'The implication of this type of development is that the bigger consultants grow while the smaller operators shrink. The middle guys will really struggle because they are being precluded from great sectors of the market.
'There is going to be a polarisation in the prime contracting route, whereby you are either going to be part of the contractor's supply chain or outside, scurrying around for the bits. This is going to profoundly affect the way we do business and the internal operation of consultancies as well.
'In the past, we have always been a very secretive profession and in the UK rarely worked together in joint ventures, but now as mega-schemes come up, consultants are beginning to talk to each other about working together to combat the big guys like Atkins. These are significant changes and I think you will see the big guys getting bigger and the little guys becoming boutique-like. The middle guys are going to really struggle and eventually get together.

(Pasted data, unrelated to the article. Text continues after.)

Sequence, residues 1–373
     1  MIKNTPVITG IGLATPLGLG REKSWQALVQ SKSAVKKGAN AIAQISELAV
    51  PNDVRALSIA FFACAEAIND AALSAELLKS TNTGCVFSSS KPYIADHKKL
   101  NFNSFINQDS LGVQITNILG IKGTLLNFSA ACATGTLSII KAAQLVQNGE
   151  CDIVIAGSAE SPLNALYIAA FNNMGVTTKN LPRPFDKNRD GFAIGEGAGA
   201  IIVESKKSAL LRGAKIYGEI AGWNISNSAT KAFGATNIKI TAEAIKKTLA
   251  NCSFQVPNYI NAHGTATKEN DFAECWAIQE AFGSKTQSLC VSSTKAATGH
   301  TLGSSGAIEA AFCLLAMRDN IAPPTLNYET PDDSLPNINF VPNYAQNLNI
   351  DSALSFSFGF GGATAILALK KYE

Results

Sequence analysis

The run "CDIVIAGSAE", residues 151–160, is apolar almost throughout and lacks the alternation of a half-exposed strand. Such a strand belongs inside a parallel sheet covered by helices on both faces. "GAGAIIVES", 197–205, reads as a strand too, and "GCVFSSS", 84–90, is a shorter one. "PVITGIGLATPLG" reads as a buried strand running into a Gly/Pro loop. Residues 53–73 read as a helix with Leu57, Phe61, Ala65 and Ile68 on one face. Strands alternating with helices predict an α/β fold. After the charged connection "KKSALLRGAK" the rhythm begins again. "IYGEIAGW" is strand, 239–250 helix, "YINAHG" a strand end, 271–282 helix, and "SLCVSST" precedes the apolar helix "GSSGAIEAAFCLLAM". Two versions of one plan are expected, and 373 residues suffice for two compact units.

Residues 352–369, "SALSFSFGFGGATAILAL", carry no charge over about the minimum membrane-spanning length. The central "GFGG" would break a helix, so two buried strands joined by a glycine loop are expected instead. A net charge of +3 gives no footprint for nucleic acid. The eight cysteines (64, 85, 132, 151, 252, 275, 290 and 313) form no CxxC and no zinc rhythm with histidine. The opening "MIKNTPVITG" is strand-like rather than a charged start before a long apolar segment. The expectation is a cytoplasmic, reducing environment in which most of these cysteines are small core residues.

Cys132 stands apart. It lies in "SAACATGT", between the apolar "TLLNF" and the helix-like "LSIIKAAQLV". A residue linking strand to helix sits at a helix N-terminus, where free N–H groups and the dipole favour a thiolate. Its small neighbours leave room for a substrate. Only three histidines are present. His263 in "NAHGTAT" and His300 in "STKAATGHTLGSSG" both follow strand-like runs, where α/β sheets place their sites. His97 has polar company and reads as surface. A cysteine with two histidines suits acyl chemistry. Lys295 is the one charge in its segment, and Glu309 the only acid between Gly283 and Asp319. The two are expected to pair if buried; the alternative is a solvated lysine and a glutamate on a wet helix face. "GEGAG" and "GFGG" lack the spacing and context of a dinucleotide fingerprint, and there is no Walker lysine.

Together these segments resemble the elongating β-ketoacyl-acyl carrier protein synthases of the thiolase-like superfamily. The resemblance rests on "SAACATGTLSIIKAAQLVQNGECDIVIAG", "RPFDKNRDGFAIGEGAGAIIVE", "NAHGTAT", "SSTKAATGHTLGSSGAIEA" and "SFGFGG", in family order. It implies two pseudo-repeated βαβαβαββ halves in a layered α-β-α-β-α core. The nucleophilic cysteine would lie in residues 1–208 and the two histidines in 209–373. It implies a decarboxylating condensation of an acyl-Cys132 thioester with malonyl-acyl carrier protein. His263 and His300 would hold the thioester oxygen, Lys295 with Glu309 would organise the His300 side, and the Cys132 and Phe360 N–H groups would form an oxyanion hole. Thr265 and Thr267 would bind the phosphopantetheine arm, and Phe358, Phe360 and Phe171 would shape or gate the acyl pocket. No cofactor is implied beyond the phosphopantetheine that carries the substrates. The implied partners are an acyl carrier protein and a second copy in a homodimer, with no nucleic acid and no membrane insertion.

'We are having to diversify into areas like the specialist side of treatment plants and environmental issues. Long-term relationships are likely to be the order of the day so clients will come to one stage of the supply chain that can then supply a number of skills. We will be expected to have more of these skills available in house.'
Senior bridge engineer
'ONE OF the major changes of late has been the tailing-off of the highway sector and picking up of railway work. In the recent past this company has done a lot of work testing bridges for strength relating to the European Directives allowing 44-tonne trucks to travel on British roads.
'But the focus now has moved very much toward the rail side. We have done work for Railtrack on the Forth Road Bridge, providing a monitoring process relating to structural integrity. Strainstall has also provided upgrades on routes for higher line speeds. There is a lot of continuing interest and potential in the railway area.
'Strainstall has taken firm steps to ensure that it is an approved supplier for Railtrack, though it does not forget the highways area. We are also looking for international opportunities and believe China offers good prospects.'
Institution of Civil Engineering Surveyors
'RAIL is now the massive area that our members are becoming very much involved in. Coupled with the rail boom is a change in procurement methods. There is a move away from the traditional set tenders to partnering, which in the main seems to be quite successful.
'As a result of the Latham initiative there seems to be a strong desire in the industry to move away from confrontation and the spurious claims that have dogged the industry for many years.